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Spain strives for American appreciation

Will Prime Minister Zapatero's visit to the White House give Spain a nudge on the international stage?

Following four years of disagreements over the Iraq War and a cold shoulder by the Bush administration, Spain’s political leadership launched its own sort of charm offensive on the new U.S. leadership. In a January speech defending his Recovery and Reinvestment Plan, Obama pointed to Spain’s investment in renewable energies as industrial leadership the President wants for America.

Even so, Elcano Royal Institute investigator Marta Jimeno Vines advanced findings at the seminar that “the classic stereotypes, the Hemingway paradigm, are fading, but the new images haven’t settled into middle America yet.”

From the shadows of international ostracism under General Francisco Franco’s dictatorship until his death in 1975, Spain has emerged as a democratic nation and influential member of the European Union. In the land renowned for bullfights and flamenco there co-exist Spanish companies that have become world leaders in banking (Banco Santander and Banco Bilbao Vizcaya Argentaria — BBVA), infrastructure (Actividades de Construccion y Servicios — ACS, Sacyr and Ferrovial), and textiles (Zara, Mango, and Custo) — all doing business in the U.S.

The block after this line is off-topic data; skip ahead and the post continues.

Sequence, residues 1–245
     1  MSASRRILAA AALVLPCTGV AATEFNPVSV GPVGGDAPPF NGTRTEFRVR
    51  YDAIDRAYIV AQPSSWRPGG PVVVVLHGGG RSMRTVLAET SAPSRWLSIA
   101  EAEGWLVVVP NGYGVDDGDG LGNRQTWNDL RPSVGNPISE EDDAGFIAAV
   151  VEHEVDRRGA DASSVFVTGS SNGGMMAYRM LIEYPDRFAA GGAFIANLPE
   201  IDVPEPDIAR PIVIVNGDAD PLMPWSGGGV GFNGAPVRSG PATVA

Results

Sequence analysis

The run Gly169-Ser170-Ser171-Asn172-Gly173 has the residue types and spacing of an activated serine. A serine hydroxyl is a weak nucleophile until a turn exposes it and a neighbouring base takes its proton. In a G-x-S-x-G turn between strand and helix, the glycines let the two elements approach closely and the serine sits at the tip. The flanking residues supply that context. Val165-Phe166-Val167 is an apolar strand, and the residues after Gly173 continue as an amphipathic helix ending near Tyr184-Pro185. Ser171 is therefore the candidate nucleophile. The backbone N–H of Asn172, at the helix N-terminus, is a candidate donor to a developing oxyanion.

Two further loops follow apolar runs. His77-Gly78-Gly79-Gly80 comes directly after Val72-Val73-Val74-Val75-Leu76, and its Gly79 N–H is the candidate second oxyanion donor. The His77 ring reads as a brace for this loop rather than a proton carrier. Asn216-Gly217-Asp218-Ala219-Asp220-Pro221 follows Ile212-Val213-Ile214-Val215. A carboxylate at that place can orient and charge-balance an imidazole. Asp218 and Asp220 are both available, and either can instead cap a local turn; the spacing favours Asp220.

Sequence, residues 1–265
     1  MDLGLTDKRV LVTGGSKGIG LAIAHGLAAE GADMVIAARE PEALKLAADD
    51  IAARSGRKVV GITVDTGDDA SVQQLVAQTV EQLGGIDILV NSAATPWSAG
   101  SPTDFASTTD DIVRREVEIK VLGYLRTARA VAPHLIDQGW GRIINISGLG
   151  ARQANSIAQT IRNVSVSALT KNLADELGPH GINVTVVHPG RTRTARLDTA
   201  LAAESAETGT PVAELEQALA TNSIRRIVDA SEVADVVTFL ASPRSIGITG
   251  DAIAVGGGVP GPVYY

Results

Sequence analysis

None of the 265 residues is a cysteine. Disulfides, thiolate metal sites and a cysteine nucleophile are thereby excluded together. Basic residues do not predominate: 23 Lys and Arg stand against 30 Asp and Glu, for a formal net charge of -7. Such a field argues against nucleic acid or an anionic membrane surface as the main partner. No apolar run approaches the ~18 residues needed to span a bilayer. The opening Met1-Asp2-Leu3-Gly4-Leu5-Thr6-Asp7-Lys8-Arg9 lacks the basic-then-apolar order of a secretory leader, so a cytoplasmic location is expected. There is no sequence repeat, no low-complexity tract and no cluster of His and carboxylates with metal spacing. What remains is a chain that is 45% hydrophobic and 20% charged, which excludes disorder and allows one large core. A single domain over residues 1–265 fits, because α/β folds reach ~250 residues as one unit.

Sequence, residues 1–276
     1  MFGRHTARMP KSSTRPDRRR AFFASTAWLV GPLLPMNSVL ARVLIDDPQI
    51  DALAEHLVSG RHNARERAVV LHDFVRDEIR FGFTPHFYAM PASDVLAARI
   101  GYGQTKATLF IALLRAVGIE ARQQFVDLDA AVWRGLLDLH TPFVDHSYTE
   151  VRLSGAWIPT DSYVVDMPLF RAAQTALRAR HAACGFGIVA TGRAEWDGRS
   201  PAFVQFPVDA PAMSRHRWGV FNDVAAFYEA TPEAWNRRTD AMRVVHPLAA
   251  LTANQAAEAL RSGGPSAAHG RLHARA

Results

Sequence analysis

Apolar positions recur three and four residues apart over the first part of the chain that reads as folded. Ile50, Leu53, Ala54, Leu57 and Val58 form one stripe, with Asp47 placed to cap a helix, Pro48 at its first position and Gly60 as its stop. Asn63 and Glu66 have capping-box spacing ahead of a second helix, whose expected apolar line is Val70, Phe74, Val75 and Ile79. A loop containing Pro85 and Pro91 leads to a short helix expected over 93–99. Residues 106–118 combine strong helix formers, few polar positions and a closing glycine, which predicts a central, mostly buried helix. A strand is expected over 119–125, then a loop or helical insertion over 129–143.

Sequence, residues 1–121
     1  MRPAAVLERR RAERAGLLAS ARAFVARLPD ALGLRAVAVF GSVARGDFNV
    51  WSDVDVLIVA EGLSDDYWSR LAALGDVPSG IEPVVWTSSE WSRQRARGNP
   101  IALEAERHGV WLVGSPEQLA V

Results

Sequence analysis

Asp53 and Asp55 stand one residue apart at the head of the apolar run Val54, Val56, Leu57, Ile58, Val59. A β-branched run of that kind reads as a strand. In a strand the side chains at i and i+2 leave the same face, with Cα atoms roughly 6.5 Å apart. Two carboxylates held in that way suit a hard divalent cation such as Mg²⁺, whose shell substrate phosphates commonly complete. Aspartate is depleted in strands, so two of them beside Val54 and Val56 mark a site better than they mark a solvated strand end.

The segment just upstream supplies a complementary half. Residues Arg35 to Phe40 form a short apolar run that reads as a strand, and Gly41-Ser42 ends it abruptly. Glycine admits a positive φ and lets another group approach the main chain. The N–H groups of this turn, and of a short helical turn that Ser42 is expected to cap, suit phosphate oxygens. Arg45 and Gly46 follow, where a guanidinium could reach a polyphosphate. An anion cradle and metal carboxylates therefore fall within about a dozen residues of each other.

“Spain has investment in the U.S. but it doesn’t have a product,” insisted Kagan. “There is no brand association with Spain.” Spain’s Foreign Trade Institute seeks to close the gap of understanding over Spanish brands with a multi-million dollar “Made in/Made by Spain” promotional campaign that began in the U.S. last year. Spain’s King Juan Carlos and its Crown Prince Felipe — a graduate of Georgetown University — have led delegations of Spanish businessmen on networking missions from New York to Florida.

But like Sorolla in his time, several Spanish analysts believe the people representing Spain today must play a role in the building of the country’s image. The fact that celebrities like Penelope Cruz, Pau Gasol and Rafael Nadal aren’t widely associated with Spain prompted Jimeno Vines to conclude, “we haven’t figured out how to capitalize on the achievements of these people for the good of the country.”